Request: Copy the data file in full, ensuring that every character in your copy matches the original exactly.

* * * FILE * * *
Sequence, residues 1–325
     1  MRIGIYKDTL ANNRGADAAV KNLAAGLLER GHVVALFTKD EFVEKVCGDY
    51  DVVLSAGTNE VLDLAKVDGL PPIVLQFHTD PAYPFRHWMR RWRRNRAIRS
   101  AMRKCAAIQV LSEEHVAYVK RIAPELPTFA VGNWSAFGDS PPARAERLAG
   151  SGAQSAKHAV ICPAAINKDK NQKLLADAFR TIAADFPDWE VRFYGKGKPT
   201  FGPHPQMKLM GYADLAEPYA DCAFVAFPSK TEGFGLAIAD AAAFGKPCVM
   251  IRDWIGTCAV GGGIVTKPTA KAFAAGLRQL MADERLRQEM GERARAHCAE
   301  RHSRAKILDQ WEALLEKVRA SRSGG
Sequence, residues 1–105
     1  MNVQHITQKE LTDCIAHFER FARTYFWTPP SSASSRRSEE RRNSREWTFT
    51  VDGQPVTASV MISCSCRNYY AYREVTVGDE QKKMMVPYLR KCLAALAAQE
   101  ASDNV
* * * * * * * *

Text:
Sequence, residues 1–325
     1  MRIGIYKDTL ANNRGADAAV KNLAAGLLER GHVVALFTKD EFVEKVCGDY
    51  DVVLSAGTNE VLDLAKVDGL PPIVLQFHTD PAYPFRHWMR RWRRNRAIRS
   101  AMRKCAAIQV LSEEHVAYVK RIAPELPTFA VGNWSAFGDS PPARAERLAG
   151  SGAQSAKHAV ICPAAINKDK NQKLLADAFR TIAADFPDWE VRFYGKGKPT
   201  FGPHPQMKLM GYADLAEPYA DCAFVAFPSK TEGFGLAIAD AAAFGKPCVM
   251  IRDWIGTCAV GGGIVTKPTA KAFAAGLRQL MADERLRQEM GERARAHCAE
   301  RHSRAKILDQ WEALLEKVRA SRSGG
Sequence, residues 1–105
     1  MNVQHITQKE LTDCIAHFER FARTYFWTPP SSASSRRSEE RRNSREWTFT
    51  VDGQPVTASV MISCSCRNYY AYREVTVGDE QKKMMVPYLR KCLAALAAQE
   101  ASDNV